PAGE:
Turning now to FIGS. 3 and 4 it can be seen that the holder 24 is a suitable body for axially locating the explosive train 25 such that the output end of the explosive train is positioned against a metallic closure disc 31 which is circumferentially stitch welded or otherwise attached to the body of the holder 24. The opposite face of the holder 24 is formed with a counterbored cavity 32 which is adapted to be closed by a metallic disc 33 which, again, is stitch welded or otherwise secured in the face of the holder 24 so as to enclose the cavity 32. As seen in FIG. 3, the disc 33 is structurally weakened by the formation of scoring 34 which is a way of weakening the integrity of the disc without actually penetrating through to the cavity 32. In some instances, the scored surface of the disc 33 may be given a thin coating of a suitable sealant without detracting from the intended structural weakness of the disc. The sealant coating is shown fragmentarily at S in FIG. 3. It should be understood that when hot ballistic gas is delivered through the bore 27A of the sleeve 27, it is generated with a delivery pressure greater than 500 psi which is sufficient to rupture the disc 33 and deliver the hot gas directly at the explosive train 25. In the rupture of the disc 33 the material thereof is ruptured in the form of petals that bend or are driven into the cavity 32 which is provided for that purpose so that the hot gas is effectively delivered on the explosive train 25.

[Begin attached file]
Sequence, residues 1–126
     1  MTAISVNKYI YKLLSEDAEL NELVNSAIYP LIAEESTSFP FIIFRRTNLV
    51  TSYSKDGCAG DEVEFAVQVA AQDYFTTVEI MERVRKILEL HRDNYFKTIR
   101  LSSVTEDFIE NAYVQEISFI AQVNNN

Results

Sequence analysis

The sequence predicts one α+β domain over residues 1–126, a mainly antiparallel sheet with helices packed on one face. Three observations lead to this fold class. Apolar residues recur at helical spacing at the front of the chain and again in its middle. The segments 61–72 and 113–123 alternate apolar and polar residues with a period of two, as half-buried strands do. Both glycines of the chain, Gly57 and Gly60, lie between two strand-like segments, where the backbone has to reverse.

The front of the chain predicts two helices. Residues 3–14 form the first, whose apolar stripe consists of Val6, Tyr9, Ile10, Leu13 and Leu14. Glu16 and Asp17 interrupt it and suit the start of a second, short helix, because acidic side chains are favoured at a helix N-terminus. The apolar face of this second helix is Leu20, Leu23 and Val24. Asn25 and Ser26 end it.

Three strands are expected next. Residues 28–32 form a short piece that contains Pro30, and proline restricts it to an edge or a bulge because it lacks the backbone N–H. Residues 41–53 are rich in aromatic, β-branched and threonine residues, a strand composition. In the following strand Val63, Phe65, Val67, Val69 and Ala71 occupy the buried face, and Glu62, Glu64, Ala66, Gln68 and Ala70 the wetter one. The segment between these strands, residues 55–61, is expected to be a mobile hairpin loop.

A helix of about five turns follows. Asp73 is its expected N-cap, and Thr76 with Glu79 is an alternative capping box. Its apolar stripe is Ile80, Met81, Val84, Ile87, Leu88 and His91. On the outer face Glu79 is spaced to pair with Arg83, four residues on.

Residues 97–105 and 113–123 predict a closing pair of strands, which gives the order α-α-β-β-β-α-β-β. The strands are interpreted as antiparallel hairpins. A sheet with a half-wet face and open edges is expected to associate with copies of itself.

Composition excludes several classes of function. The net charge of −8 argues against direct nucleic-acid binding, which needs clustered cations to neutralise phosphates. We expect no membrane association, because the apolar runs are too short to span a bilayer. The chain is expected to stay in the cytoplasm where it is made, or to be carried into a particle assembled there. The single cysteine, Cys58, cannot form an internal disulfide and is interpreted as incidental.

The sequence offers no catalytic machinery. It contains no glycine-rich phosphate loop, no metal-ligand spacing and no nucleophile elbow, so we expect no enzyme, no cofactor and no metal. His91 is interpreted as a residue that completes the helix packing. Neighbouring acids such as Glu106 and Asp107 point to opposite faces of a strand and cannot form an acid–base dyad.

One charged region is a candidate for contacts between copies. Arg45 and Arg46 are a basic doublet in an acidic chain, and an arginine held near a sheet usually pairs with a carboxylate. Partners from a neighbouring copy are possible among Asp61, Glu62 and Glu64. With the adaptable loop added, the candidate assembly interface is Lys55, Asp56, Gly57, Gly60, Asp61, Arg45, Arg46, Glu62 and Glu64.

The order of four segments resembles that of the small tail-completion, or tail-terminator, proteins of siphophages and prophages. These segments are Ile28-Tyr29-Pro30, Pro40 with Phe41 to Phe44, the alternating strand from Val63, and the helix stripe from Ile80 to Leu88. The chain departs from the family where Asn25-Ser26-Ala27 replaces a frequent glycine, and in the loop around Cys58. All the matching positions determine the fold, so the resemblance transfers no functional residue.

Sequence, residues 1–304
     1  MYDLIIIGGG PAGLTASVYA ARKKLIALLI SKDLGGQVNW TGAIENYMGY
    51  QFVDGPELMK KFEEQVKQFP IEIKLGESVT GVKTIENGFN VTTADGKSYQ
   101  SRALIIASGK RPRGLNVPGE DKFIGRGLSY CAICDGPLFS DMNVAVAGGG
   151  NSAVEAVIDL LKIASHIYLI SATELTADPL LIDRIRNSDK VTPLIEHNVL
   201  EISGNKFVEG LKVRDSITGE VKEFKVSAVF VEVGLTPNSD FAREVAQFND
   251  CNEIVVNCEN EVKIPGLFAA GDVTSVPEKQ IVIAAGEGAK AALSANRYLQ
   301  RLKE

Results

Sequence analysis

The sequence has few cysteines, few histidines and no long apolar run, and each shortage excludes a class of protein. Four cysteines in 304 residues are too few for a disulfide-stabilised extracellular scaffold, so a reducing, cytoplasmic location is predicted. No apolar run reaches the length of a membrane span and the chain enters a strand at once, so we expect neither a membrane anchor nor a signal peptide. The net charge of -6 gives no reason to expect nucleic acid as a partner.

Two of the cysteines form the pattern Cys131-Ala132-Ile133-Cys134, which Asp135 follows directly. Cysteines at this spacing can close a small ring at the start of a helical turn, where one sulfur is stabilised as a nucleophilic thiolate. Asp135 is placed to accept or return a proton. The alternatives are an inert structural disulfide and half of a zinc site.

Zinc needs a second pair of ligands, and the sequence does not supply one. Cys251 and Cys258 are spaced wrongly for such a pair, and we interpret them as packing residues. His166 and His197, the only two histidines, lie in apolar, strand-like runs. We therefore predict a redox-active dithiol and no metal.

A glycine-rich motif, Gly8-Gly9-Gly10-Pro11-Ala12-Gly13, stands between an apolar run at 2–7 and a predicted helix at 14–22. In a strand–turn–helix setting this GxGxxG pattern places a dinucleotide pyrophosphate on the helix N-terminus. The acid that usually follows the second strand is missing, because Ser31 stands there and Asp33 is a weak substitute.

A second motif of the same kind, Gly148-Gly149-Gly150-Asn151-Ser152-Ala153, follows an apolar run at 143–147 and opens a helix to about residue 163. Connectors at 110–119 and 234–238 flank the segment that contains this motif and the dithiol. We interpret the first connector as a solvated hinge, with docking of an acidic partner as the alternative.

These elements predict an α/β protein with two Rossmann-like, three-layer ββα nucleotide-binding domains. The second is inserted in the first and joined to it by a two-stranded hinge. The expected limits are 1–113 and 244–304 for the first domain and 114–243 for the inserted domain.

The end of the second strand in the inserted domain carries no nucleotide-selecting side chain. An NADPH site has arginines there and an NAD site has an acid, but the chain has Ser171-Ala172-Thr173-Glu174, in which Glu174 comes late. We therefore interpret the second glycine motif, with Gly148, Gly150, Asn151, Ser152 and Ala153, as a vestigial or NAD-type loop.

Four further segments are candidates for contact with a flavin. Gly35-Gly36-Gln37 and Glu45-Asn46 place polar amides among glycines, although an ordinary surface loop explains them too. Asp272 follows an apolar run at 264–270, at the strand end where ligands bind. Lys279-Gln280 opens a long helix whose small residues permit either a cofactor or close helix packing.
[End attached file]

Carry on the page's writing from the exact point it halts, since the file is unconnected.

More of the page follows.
The makeup of the explosive train may be a combination of two or three components, but primarily lead azide and hexanitrostilbene. The third element is lead styphnate and may be utilized for accelerating the explosive action of the train. An important feature of the assembly shown in FIG. 4 is that the respective seals 31 and 33 are to enclose the explosive train and isolate it from environmental influences that might affect the intended response of the explosive train.

The embodiment of the present invention as illustrated in FIG. 2 can be seen to greatly simplify the construction of such a device over that shown in the prior art of FIG. 1. The simplification is directed to eliminating a number of unnecessary elements and making it possible to deliver hot ballistic gas directly onto an explosive train so as to greatly improve the reliability of initiating the operation of an escape system, and to accomplish this at reduced cost because of the elimination of a number of components that have heretofore been believed necessary. The simplification results in increased reliability.